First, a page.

Relationships between humans and material things, with a strong emphasis on the material culture of Georgia from 10,000 BC until about AD 1900.

Exploration and examination of the archaeological evidence for mankind's prehistoric experience in Central and Western Europe and the development of Celtic culture based on the archaeological support for these ideas. Paleoecological, climatological, and geo-biological models will also be used to…

Introduction to the cultures of South Asia. The topical area covers a vast geographical expanse, a large number of countries, cultures, ethnic groups, languages, religions, and an enormous body of anthropological literature. This course will focus on a select few cross-culturally relevant issues…

Through readings, discussions, and research projects this course will try to confront what D.W. Meinig's "central problem," "Any landscape is comprised not only of what lies before our eyes but what lies inside our heads."

Introduces students to anthropological uses of photographs, films, and video, and teaches methods for the creation of ethnographic videos. Students will gain a broad background in the historical uses of video in anthropology, visual theory, methods, analysis, and aesthetics.

 

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Provides a broad overview of the history of cultural anthropology, from its beginnings in the Enlightenment to the present. We combine two approaches in this course: (1) an intellectual history approach, and (2) an approach that examines particular ethnographic accounts as exemplars of various…

Change and continuity in human life in North America's greater southwest, from the end of the Pleistocene to the twentieth century.

The major human issues related to contemporary conservation initiatives. As these initiatives expand and proliferate, their impact is felt more widely and acutely by local communities, and anthropologists have more opportunities to engage in the process. Examination of various conservation…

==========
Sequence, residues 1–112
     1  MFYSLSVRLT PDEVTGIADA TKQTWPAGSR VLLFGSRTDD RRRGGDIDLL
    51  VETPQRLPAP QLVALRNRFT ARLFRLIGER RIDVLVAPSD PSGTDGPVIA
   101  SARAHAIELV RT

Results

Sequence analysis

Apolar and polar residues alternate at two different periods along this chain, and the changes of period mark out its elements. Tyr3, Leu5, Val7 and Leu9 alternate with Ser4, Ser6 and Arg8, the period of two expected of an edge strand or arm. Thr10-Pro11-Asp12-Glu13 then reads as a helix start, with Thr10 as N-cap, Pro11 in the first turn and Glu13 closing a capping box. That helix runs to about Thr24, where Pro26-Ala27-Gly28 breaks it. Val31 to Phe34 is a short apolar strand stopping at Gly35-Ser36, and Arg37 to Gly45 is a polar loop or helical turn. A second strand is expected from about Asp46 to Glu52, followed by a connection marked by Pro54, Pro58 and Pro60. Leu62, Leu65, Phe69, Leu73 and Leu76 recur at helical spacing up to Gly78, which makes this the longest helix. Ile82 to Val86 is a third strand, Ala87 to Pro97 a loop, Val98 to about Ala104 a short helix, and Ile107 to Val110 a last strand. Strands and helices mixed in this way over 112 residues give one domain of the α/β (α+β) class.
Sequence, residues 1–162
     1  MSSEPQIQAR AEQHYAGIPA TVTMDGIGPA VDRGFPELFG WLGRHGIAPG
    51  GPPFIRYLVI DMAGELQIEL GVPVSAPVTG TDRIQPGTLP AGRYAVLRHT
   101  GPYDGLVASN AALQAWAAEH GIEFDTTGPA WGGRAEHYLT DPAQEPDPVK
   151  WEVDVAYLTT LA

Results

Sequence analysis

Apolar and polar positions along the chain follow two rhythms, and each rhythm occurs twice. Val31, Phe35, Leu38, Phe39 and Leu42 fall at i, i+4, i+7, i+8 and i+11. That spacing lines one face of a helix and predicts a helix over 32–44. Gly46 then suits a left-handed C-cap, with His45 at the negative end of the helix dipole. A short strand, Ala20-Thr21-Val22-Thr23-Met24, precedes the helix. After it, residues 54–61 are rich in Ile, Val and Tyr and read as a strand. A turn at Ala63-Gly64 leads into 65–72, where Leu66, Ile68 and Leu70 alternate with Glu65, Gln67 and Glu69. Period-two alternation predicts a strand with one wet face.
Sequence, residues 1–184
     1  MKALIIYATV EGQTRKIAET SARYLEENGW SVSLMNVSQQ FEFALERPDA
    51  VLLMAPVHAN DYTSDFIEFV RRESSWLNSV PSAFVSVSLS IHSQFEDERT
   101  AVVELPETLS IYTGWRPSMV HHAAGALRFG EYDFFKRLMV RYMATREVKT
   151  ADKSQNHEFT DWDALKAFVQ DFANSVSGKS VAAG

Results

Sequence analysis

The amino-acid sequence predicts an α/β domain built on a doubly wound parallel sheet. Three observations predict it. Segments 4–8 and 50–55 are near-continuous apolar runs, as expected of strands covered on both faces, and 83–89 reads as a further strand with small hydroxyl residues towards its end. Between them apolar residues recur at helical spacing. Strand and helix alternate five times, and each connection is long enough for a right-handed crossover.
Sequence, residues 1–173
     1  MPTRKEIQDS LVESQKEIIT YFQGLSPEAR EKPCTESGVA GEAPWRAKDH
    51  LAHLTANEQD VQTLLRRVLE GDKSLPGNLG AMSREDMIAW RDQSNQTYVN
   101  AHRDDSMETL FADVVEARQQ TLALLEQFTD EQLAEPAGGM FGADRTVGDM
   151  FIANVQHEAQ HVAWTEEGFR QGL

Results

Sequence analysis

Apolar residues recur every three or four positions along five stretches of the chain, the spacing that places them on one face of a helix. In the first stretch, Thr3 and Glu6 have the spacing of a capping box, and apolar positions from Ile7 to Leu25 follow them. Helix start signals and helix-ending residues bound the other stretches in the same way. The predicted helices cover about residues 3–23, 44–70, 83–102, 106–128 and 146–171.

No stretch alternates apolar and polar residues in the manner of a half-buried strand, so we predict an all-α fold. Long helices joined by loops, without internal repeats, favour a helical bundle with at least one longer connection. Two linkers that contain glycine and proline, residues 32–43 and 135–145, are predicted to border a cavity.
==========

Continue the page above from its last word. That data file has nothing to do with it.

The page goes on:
Explores contemporary and past hunter-gatherer societies. The course examines cultural anthropologists' attempts to understand the similarities and differences between the lives of foragers and ourselves, ecological anthropologists' attempts to explain diversity of foraging behaviors, and…

Examination of ethnic and cultural diversity, and issues of gender, race, class, and culture within Mexican society. Consideration will also be given to the historical, political, economic, and social experiences of Mexican ethnic and cultural groups with special attention to their diversity and…

Provides a solid academic basis for the practice of cultural resource management (CRM) in North America and in a broader global context. The course will cover CRM from a conceptual standpoint; how current legislation affects CRM; and will integrate theoretical, practical, and ethical aspects of…

Supervised work experience with a natural history collection. Students will learn techniques and other procedures for curating materials in a collection of their choice under the direction of collection personnel.

*Credit Hours: 3 hours. Repeatable for maximum 6 hours credit. 7 hours lab…